users

Total better – Consumer

59%

59%

62%
62%

62%

67%

62%

Total better – Economic

24%

26%

25%

26%

20%

25%

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Mobile Future Survey of African-Americans Nationwide, February, 2016

Stronger Interest in Mobile Tech
as Entrepreneurial Tool
Interest in career in
mobile tech industry

Interest in mobile tech
as entrepreneurial tool

Q: How interested
are you in using
mobile technology
to start or operate a
company online?

26%
23%
26%

22%
39%

28%
22%

12%

14

Somewhat interested
Very interested

Q: How interested
are you in pursuing
a career in the
mobile technology
industry?

Not too interested
Not at all interested

Mobile Future Survey of African-Americans Nationwide, February, 2016

Bridging the gap means addressing race and gender.

Mobile Future Survey of African-Americans Nationwide, February, 2016

Men Express Most Interest in
Mobile Tech Opportunities
Use mobile for job/education activities

56%

Gen X men

55%

Use mobile for political/organizing activities

54%

Millennial men

52%

Know someone who started online business

52%

Employed Millennials

51%

Men under $60k

50%

Millennials under $60k

49%

Men non-college grads

49%

Mixed neighborhoods

47%

All men

47%

Total Respondents

16

41%

Some of the
respondent
groups
demonstrated
significantly
higher interest in
pursuing mobile
tech
opportunities.

Mobile Future Survey of African-Americans Nationwide, February, 2016

…Women and Seniors Express Less Interest

Age 65+

20%

Women age 45+

27%

Unemployed baby boomers

27%

Unemployed women

29%

Retired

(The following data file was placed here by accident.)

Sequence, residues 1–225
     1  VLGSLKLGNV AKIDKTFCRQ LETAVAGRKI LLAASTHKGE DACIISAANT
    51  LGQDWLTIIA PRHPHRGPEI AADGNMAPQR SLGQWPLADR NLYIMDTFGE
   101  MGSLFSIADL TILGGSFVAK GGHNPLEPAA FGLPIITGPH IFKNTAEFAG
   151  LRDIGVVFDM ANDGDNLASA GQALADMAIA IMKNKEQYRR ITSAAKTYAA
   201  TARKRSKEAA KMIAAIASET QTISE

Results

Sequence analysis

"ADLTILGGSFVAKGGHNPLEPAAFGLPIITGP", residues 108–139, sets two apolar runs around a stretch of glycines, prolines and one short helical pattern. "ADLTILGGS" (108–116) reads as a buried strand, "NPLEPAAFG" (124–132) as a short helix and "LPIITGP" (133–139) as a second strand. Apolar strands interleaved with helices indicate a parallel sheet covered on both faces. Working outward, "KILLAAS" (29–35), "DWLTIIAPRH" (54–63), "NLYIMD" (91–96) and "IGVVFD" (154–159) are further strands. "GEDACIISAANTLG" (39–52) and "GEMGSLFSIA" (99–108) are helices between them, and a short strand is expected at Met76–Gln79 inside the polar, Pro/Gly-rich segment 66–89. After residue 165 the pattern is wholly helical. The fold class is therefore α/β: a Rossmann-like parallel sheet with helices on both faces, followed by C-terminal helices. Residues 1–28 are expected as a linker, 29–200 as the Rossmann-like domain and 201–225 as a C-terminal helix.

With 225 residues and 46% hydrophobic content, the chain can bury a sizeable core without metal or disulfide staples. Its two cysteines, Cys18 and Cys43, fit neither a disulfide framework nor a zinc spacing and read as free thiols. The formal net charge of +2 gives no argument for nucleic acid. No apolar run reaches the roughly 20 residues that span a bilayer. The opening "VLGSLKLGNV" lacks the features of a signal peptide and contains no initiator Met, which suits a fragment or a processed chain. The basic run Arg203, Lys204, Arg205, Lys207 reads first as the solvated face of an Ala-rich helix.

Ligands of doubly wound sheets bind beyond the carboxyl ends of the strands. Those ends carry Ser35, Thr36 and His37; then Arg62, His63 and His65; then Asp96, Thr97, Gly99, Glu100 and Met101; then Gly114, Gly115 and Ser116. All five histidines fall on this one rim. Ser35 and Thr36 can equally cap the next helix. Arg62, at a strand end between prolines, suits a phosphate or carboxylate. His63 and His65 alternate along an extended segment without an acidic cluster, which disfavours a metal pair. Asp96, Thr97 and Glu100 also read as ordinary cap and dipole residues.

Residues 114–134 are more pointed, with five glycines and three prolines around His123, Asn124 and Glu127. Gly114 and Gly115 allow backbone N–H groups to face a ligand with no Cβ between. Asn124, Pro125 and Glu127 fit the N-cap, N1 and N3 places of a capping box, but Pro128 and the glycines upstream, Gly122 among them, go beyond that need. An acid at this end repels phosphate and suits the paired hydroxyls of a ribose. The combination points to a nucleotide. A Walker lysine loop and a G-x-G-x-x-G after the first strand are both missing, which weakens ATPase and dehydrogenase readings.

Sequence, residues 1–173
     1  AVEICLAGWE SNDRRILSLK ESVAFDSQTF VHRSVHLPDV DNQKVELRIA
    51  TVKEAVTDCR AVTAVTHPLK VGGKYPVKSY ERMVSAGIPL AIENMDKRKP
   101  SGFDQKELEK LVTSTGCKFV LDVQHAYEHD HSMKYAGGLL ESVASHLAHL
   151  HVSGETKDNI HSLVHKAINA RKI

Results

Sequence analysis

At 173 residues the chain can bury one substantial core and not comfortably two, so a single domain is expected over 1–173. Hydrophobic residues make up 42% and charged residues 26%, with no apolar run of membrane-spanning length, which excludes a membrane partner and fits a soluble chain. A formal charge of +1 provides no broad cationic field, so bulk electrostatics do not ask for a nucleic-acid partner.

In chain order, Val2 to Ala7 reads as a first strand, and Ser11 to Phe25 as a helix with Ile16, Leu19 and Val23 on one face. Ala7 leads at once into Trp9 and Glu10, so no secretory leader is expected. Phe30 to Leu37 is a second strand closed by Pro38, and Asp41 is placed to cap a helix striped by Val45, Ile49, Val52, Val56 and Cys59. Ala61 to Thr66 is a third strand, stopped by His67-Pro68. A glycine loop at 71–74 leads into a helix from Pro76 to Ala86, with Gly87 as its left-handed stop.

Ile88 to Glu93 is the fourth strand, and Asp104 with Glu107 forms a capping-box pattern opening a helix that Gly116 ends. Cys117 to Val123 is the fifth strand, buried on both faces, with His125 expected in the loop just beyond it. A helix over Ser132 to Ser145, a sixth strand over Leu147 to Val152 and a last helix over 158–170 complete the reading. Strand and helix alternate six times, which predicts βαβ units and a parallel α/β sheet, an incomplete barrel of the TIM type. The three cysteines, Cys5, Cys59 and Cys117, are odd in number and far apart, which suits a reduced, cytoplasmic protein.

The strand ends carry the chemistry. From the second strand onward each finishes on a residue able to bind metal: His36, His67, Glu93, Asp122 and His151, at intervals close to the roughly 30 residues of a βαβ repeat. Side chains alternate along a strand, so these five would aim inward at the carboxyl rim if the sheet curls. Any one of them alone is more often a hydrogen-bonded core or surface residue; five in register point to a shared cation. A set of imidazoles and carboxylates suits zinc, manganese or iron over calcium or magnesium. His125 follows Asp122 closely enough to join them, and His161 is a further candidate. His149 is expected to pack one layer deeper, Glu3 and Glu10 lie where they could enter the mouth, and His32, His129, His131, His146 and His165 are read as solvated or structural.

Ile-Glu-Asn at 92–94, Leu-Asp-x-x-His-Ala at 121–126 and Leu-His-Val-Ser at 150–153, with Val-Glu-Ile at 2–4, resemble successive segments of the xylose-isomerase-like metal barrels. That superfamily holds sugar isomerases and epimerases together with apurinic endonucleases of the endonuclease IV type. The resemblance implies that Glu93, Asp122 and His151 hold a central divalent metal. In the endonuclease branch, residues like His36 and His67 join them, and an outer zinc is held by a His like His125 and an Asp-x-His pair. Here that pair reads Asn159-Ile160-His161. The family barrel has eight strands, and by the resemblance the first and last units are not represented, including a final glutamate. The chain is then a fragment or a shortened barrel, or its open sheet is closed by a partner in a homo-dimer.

29%

Women, non-college grads

33%

Post-grads

35%

All women

36%

Total Respondents

17

41%

Some of the
respondent
groups
demonstrated
significantly lower
interest in
pursuing mobile
tech
opportunities.

Mobile Future Survey of African-Americans Nationwide, February, 2016

Significant Gender Gap
on Interest in Mobile Tech Jobs
O NLI NE BUS I NE S S
O W NE R

AP P DE V E LO P E R

34%

44%

11%

10%

MEN

WO M E N

NE TW O RK
E NG I NE E R

27%
34%

21%

20%

S E LL O NLI NE

Q: I’m going to
read you a list
of mobile tech
jobs. For each
one, I’d like
you to tell me
how interested
you would be
in pursuing
each type of
job.

P RO G RAMME R/
CO DE R

25%

16%

19%

RE PAI R
TE CHNI CI AN

10%

RE TAI L S TO RE
RE P

28%
40%

29%

33%

22%

23%

6%

6%

17%
18%
12%

18

5%

10%

13%

Somewhat interested men
Very interested men

10%

7%

Somewhat interested women
Very interested women

Mobile Future Survey of African-Americans Nationwide, February, 2016

What can make a difference?

Mobile Future Survey of African-Americans Nationwide, February, 2016

The Challenge:
Lack of Skills, Low Awareness of Opportunities
Total

Millennials

Millennial
women

Majorityminority
neighborhood

Lack required skills or training

27%

24%

29%

24%

31%

28%

Unaware of opportunities

26%

26%

22%

27%

27%

27%

No others in community with these
jobs

9%

11%

12%

10%

13%

9%

No interest in working in industry

5%

6%

5%

5%

2%

5%

Previous criminal record

4%

4%

4%

4%

4%

4%

Too expensive to learn skills

2%

2%

0%

2%

2%

1%

Takes too long to attain skills

1%

1%

1%

1%

0%

1%

Other

4%

5%

5%

4%

2%

4%

All of the above

15%

18%

16%

17%

13%

16%

None of the above

2%

1%

2%

2%

2%

1%

Don’t know/ refused

5%

2%

4%

4%

4%

4%

20

Shifters

Frequent
mobile
users

Q: Why do you
think more
people in your
community are
not taking
advantage of
mobile
technology
opportunities?
(Pick one)

Mobile Future Survey of African-Americans Nationwide, February, 2016

Solutions:
More Skills, Training, Personal Engagement
Majorityminority
neighborhood

Shifters

Frequent
mobile
users

Total

Millennials

Millennial
women

Training on how to run your own
business

65%

68%

72%

69%

71%

69%

Financial training to access capital
to start or grow a mobile tech
business

64%

65%

59%

67%

68%

68%

Exposure to career opportunities

64%

71%

72%

67%

65%

69%

Mentoring or guidance from other
mobile tech professionals

63%

67%

71%

66%

68%

67%